I also looked at the MacBook (small, similar keyboard, would make a decent MacBook Air replacement in a year or two), and the larger iPad Pro (huge, beautiful screen, surprisingly good typing experience with the Smart Keyboard). Neither of these are things I need, but I would happily use as my main portable device if the opportunity presented itself, and actually touching the iPad made me realise why so many people are saying they can use it as their main computer. I use my smaller iPad Air 2 for a lot of what I do online outside of work, and I can see how twice the memory and a much larger screen would help me leave my laptop behind forever (although I also want to wait and see what the next iteration of the device might look like).

I’m still hoping Apple bring out a desktop computer that excites me this year (because that is something I’ll need to buy soon as I fear my 2011 Mac Mini will be obsolete within a year or so). I would use anything they currently have on the market (with the right upgrades), but as I’ve not actually bought any of them then it suggests that there is nothing currently out there that is suitable enough for me to consider an upgrade at this point in time.

Using an iPad as a primary computer

There’s been a lot of talk on the internet over the last couple of weeks from people who were planning on buying a new Macbook Pro who have instead decided to move most (or all) of their workflow over to some sort of tablet (usually an iPad Pro). While I’m not quite there yet, I do find myself using my computer less and my iPad more, and I thought it was worth exploring exactly what it is that would stop me making this sort of switch.

As far as I can work out, the things I still need a computer for are downloading and managing music, ripping/converting CDs/DVDs, converting markdown into .docx (and possibly some other formats, although I have solutions for html and pdf now), and web development/Wordpress work.

Of these, the first one requires macOS/Windows because of the integration with iTunes (and only because of that). I don’t want to stop using my iPhone/iPad though, and I buy new music very regularly, and want to be able to listen to it on the move.

The second one can be done on any computer that can be connected to a USB CD drive (which I already own), will run handbrake and that has enough storage space. I probably wouldn’t try this on a Raspberry Pi, but anything else would work.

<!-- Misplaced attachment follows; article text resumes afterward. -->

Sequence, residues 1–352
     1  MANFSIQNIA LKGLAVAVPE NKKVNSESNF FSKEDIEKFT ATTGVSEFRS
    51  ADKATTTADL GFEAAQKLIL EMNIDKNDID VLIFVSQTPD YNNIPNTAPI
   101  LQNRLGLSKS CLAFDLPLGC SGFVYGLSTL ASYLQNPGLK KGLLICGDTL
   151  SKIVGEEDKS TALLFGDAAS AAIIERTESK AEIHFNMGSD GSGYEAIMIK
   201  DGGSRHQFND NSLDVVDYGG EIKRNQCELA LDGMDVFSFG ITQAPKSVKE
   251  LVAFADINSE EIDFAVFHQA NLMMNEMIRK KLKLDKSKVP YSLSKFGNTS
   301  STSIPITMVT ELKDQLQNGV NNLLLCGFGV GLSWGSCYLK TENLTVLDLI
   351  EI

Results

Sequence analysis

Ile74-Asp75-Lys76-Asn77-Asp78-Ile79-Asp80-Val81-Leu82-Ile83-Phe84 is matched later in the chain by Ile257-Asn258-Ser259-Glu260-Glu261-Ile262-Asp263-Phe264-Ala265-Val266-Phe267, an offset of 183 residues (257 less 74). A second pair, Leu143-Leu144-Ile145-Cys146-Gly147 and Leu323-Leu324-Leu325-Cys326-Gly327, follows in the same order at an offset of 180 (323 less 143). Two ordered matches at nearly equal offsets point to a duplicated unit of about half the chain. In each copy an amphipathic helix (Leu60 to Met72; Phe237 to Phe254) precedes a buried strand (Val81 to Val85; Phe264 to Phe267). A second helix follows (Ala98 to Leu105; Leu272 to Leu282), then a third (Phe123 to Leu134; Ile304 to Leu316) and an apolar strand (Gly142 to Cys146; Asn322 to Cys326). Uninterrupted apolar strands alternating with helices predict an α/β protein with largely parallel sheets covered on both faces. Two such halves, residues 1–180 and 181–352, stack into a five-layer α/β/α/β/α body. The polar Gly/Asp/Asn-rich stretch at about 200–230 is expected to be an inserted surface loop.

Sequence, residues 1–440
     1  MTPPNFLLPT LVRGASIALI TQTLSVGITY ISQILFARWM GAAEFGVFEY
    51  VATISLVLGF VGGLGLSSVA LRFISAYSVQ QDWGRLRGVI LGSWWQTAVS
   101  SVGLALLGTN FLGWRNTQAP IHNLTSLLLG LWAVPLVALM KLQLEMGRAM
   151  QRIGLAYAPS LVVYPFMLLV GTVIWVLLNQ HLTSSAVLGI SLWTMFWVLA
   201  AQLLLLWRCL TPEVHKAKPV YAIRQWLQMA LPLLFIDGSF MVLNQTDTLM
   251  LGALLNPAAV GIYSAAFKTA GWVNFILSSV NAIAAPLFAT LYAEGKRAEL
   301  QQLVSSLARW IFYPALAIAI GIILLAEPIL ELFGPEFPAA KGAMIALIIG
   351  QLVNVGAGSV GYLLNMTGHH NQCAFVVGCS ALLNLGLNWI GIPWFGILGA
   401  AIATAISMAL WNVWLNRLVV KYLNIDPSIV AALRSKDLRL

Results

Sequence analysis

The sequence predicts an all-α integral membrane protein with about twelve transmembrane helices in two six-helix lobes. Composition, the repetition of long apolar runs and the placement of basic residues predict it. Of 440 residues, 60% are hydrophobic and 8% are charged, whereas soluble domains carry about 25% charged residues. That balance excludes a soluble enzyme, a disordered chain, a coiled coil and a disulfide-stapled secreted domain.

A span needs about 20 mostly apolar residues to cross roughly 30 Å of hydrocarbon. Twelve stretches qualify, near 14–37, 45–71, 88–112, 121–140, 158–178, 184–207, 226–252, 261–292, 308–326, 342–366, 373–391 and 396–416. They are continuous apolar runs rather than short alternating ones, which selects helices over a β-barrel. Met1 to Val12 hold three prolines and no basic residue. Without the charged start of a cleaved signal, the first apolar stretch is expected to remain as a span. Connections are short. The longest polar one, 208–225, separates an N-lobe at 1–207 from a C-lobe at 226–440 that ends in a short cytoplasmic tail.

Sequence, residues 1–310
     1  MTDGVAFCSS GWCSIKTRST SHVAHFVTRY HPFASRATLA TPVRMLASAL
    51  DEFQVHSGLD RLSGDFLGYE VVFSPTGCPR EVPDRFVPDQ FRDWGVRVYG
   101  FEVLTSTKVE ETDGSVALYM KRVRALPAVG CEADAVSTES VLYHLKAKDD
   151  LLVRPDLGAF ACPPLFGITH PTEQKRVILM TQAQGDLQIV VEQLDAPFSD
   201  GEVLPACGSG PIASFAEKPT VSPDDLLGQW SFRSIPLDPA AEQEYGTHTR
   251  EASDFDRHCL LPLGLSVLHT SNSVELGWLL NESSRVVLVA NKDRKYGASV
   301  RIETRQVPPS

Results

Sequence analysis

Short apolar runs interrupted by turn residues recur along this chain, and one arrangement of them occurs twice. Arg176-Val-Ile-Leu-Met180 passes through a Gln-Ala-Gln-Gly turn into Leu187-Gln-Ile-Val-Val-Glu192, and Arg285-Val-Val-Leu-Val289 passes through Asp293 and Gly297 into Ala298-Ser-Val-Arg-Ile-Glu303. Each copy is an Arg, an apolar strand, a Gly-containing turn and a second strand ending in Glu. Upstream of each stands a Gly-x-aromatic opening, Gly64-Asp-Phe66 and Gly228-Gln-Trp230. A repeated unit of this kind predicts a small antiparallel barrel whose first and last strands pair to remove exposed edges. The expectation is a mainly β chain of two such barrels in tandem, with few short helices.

The third one I can do on anything that can run Pandoc, so any computer that can handle the first two tasks will handle the third.

The fourth one I can do on any Mac/Linux computer. I already have a Linux solution working, and could even use a Raspberry Pi at a push (I’ve already set up a basic environment on a Pi II).

That’s actually not a lot. All my writing, blogging and social media works fine (in some cases better) on my iPad, and Microsoft Office also works well (and integrates nicely with both Sharepoint and Dropbox).

Right now my two most utilised computers are the iPad and the Pi that I use for watching TV shows. Nothing else comes close, and my desktop computers only really get any sort of serious use during weekends/holidays. Maybe there is more milage in this than I thought.

Getting up and running with a CHIP

Tonight I finally received two CHIP boards (sort of a cross between a Raspberry Pi and a Pi Zero). I’d kickstarted these about a year ago and totally forgotten about it, so it was a nice surprise. Whenever I get my hands on something like this the first challenge is to power it up, boot an operating system, and see what it will do.

What follows is one way to get one of these devices powered up, connected to a wifi network, and with access to a graphical desktop. These instructions will work on macOS and Linux, for Windows there may be a need to consult the manual to get the relevant type of terminal access.

The only thing you’ll need (apart from the CHIP itself) is a microUSB cable. As an avid Raspberry Pi enthusiast I have quite a few of these lying about so there was no additional expense. Plug the small end of the cable into the relevant slot on the CHIP and the other end into a spare USB port on your computer. You’ll then need to see what device name your computer has assigned your CHIP by issuing the following command in a terminal window: